Maintenance Logbook Entries

Requirements for aircraft maintenance log book entries following an annual inspection can be tricky and confusing not only for the mechanic but for the owner/operator, especially where airworthiness discrepancies have been found by the airframe and powerplant mechanic (A&P) with inspection authorization (IA).

Generally, the regulations which cover the mechanic’s obligation to make log book entries, as well as the obligations of an aircraft registered owner or operator, are covered by 14 C.F.R. § 43.11 and § 91.417.  

During the annual inspection of an aircraft, the IA typically develops a list of discrepancies, some of which may or may not affect the aircraft’s airworthiness. A discrepancy which affects the airworthiness of an airplane generally has to be repaired so that the aircraft can be returned to service as “airworthy”.  The owner/operator may decide whether or not to correct discrepancies that do not affect airworthiness. 

If at the conclusion of an annual inspection and correction of all airworthiness discrepancies the IA finds the aircraft airworthy and approved for return to service, the IA generally states in the log books, “I certify this aircraft has been inspected in accordance with an annual inspection and has been determined to be in airworthy condition.” See § 43.11(a)(4).  

But what if an owner/operator wishes to have some or all of the discrepancies corrected by another shop or mechanic? If the corrections will not be made until later, then the mechanic is required to provide the owner/operator with a list of discrepancies and unairworthy items to be corrected, dated and signed by the mechanic per § 43.11(a)(5). This does not mean that the mechanic must list those discrepancies in the permanent log book for the aircraft since a list of discrepancies found during an annual inspection does not constitute a maintenance record for purposes of 43.11(a)(5) and 43.11(b). Instead, the owner should request that the discrepancies be placed on a separate piece of paper.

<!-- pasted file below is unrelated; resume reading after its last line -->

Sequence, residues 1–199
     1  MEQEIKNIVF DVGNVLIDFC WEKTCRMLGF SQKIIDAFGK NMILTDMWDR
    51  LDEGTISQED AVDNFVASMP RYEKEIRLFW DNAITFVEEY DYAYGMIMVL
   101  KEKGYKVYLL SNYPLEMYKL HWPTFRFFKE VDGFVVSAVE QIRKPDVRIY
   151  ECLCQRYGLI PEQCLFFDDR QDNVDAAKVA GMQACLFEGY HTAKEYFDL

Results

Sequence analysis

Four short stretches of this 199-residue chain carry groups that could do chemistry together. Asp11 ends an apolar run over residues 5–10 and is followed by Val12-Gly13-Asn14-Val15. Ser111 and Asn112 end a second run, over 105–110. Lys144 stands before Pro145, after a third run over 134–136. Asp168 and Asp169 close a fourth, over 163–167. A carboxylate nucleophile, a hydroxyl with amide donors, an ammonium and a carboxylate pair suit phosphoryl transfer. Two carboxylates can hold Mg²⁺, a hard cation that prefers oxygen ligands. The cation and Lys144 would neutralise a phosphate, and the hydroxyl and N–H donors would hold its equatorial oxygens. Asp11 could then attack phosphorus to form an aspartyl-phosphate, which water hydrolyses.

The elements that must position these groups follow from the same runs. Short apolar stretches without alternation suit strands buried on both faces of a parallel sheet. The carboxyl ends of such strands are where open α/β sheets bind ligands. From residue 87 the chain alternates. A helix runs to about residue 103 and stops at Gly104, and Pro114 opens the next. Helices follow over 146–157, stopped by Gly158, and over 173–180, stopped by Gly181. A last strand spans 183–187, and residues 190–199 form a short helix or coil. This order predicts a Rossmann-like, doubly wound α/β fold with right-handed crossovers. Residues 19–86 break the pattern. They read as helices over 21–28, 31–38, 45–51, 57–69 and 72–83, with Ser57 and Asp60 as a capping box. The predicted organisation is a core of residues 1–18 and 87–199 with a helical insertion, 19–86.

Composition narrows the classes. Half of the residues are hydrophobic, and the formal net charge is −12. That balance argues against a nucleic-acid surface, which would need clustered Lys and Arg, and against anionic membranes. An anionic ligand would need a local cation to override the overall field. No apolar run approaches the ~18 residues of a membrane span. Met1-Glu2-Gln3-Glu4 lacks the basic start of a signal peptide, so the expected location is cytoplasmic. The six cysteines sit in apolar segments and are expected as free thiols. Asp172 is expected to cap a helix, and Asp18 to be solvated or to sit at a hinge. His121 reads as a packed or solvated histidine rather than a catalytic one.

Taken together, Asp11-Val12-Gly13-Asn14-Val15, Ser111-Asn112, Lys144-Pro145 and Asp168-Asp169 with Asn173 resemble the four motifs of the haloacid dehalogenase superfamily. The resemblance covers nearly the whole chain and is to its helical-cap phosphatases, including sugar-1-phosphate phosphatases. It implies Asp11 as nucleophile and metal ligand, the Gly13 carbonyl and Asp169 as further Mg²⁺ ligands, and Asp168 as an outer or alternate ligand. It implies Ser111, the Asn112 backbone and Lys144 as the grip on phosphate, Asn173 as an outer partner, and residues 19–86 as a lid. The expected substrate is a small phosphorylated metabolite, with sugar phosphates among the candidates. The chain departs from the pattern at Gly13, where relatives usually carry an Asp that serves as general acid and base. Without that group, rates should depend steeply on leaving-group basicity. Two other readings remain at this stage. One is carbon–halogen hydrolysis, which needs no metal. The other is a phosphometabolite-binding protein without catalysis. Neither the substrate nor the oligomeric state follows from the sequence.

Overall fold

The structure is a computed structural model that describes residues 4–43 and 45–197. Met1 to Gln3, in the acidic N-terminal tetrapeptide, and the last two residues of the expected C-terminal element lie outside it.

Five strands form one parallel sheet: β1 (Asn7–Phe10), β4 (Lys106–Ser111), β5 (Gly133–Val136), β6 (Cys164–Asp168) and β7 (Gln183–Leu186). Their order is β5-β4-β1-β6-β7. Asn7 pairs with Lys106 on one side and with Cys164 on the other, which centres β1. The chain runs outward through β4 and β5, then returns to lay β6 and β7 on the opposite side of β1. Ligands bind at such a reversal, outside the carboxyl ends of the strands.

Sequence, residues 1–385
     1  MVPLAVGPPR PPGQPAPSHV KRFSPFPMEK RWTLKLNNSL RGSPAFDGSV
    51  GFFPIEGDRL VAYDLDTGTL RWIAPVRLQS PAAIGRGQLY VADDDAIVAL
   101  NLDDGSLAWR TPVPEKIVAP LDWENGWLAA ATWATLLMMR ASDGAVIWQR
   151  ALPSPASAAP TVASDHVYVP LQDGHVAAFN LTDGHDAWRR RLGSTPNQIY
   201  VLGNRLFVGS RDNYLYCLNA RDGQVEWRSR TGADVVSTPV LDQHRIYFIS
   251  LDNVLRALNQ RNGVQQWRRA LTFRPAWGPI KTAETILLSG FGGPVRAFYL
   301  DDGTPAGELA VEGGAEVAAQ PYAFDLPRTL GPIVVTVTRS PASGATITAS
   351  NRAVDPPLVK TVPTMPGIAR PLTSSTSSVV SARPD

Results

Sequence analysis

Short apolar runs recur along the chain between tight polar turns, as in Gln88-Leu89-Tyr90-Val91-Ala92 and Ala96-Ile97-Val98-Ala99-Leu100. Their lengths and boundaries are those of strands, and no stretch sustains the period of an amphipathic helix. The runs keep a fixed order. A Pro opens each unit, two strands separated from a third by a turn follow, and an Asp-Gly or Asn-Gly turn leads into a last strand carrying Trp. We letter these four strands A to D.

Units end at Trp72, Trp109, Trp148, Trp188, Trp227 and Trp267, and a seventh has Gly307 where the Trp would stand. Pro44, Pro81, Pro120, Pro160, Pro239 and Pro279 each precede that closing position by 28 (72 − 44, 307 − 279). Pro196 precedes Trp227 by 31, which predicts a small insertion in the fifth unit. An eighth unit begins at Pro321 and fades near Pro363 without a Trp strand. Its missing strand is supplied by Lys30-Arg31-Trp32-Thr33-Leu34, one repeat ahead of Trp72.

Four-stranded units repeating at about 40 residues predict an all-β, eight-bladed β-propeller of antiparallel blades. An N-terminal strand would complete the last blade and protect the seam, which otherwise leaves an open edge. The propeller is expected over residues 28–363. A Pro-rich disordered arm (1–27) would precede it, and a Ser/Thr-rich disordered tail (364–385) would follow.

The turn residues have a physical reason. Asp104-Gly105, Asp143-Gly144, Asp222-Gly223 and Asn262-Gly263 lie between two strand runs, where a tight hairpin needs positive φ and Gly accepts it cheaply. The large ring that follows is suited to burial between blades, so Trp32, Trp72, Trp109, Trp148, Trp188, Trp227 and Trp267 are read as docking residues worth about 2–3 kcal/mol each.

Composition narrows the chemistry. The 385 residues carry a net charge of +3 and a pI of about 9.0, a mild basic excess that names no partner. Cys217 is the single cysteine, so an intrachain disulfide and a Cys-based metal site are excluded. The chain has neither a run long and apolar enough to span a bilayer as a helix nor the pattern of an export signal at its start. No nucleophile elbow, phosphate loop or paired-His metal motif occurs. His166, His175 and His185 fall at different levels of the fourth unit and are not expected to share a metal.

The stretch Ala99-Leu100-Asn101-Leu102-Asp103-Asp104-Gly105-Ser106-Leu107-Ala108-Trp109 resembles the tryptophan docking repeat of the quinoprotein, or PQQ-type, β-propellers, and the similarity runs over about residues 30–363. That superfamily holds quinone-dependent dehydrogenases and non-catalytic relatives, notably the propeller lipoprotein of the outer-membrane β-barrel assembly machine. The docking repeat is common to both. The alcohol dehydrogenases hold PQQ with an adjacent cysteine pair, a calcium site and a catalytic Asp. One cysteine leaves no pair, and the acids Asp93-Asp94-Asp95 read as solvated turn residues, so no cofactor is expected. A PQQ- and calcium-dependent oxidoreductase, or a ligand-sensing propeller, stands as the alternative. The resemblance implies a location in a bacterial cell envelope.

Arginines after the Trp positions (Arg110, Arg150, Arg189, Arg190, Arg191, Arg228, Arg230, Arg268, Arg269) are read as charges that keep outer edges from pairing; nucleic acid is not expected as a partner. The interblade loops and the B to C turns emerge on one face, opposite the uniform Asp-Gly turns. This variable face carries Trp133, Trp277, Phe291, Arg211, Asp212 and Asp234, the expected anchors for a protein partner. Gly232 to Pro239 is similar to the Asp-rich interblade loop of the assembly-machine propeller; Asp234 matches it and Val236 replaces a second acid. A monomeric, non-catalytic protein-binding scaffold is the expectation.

The IA completing the inspection and finding discrepancies that will not be corrected until later is also required to make a log book entry such as, “I certify this aircraft has been inspected in accordance with an annual inspection and a list of discrepancies and unairworthy items dated (DATE) has been provided to the aircraft owner/operator”. An aircraft not approved for return to service due to airworthiness discrepancies after an annual inspection is not considered airworthy and cannot be flown unless a ferry permit is obtained from the FAA. Therefore, if the owner/operator wants to fly the aircraft to another A&P mechanic to correct the noted discrepancies, the owner/operator can submit FAA Form 8130-6 to the local FSDO and request a special flight permit.  

How long does an aircraft owner have to keep this list of discrepancies and airworthiness items (hopefully in a separate writing) that the IA prepared and signed? The list of discrepancies that an IA provides to the owner/operator only needs to be retained until the discrepancies are repaired and the aircraft is approved for return to service per §91.417(b)(3). The work done to correct the discrepancies will be noted in a log book entry.  

As a practical matter, most owners/operators of aircraft keep permanent engine, airframe and propeller log books regarding annuals and the work done therein as well as ongoing and routine maintenance, including altimeter/static system checks and transponder checks. It is not at all unusual to find log books going back since the beginning of an aircraft’s manufacture which document its history. Obviously, log books are important and document the “pedigree” of the aircraft and support the value of the aircraft by showing its maintenance history.  

By Jeffrey R. Ludwig

Federal Aviation Regulation 43.11, 91.411, and 91.417  
FAA letter of interpretation issued to Michael D. Busch dated August 15, 2008 

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